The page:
In a sense, All the Senses
My project was inspired by Julie Newdoll’s “Kimonos of the Senses for a Japanese Tea Ceremony”. A Japanese tea ceremony consists of movements and designs that were created to employ all the senses of a human. Julie Newdoll’s series sums up all the senses in a single gesture. Each painted kimono in the series was based on the biology of the one of the five senses. For example, the kimono representing the sense of taste utilized imagery of the types of cells and receptors involved in particular taste.
My project also represents the five senses in the form of a painting. However, my canvas is the human body itself. I wanted to go beyond just representation of the senses. In the process of creating my work, my canvas is also experiencing the paint with their five senses. The paint itself is seen, smelt, heard, felt, and tasted. So on each respective body part that senses, I will portray the microscopic elements I found through research that enable the sense to work (such as sensory nerves for taste or cones and rods for sight).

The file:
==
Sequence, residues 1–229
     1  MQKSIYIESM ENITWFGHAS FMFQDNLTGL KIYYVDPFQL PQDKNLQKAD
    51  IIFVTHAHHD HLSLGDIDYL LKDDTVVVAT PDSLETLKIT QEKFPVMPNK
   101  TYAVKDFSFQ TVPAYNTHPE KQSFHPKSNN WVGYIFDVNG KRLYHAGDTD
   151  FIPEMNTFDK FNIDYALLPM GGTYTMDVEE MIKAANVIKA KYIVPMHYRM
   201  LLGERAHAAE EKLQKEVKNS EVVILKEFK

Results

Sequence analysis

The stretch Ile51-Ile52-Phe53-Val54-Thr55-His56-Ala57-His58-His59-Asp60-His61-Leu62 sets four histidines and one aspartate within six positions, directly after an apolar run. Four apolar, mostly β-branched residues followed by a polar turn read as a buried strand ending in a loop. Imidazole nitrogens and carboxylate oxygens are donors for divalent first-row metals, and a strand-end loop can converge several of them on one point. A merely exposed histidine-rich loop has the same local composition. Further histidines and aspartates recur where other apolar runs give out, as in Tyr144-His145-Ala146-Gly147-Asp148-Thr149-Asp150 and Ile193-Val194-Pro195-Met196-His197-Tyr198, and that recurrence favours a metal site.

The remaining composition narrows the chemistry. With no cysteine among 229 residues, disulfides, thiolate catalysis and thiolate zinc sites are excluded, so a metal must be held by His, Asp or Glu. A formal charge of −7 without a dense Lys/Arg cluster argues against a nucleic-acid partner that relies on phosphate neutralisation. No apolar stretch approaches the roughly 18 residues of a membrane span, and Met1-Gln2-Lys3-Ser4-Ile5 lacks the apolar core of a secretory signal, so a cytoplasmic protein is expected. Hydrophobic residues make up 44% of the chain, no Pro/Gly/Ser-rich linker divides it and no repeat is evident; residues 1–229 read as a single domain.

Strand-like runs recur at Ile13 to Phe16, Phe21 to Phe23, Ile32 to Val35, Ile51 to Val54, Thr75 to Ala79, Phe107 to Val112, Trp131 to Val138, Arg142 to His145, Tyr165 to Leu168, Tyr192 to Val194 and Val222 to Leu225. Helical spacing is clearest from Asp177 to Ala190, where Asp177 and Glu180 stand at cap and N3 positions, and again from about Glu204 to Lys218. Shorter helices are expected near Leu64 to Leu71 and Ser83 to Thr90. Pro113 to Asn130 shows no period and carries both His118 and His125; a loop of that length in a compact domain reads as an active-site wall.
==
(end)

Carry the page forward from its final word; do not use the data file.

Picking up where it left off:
To truly capture the experience, I recorded the whole process of creating the final piece (a picture of my live painting) and compiled it to display the actual reactions of the senses during the process.